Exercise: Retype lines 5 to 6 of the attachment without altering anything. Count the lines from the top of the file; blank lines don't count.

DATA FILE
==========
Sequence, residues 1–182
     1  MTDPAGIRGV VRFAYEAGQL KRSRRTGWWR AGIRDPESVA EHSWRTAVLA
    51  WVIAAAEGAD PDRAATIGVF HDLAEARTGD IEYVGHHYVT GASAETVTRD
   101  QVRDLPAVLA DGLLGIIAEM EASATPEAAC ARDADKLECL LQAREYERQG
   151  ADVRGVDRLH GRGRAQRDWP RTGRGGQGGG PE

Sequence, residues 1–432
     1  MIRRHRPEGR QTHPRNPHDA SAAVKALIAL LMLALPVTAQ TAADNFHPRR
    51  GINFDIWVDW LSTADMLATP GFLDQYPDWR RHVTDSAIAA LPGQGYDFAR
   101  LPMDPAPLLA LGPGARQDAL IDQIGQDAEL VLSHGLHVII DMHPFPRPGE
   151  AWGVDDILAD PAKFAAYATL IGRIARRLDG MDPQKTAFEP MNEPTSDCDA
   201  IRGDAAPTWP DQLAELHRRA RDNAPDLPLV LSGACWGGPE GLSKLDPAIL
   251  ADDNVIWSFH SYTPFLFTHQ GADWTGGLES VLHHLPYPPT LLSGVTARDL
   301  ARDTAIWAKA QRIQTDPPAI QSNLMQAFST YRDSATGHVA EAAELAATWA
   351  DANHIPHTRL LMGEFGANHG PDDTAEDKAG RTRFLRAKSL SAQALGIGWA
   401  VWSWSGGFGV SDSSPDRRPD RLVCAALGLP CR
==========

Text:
   151  ADVRGVDRLH GRGRAQRDWP RTGRGGQGGG PE

Sequence, residues 1–432